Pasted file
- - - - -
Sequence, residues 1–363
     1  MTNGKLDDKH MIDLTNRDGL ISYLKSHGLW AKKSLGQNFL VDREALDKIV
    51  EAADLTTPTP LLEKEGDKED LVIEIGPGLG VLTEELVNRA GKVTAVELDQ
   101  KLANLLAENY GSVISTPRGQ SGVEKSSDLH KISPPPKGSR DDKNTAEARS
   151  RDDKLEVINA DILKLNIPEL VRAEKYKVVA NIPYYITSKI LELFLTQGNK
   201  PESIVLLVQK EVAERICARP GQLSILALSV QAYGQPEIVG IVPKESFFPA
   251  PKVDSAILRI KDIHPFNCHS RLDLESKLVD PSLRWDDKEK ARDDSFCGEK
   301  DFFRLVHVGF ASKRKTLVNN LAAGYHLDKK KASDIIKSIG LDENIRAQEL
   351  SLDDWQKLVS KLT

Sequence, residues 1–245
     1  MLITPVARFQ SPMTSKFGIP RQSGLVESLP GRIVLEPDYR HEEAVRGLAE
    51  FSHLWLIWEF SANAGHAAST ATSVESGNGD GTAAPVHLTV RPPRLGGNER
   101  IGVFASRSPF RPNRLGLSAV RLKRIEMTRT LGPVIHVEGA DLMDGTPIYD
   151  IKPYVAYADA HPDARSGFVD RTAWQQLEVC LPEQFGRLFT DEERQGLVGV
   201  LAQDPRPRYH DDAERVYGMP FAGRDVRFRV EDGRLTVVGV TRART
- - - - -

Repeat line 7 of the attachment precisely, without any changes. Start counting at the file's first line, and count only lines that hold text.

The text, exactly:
   251  PKVDSAILRI KDIHPFNCHS RLDLESKLVD PSLRWDDKEK ARDDSFCGEK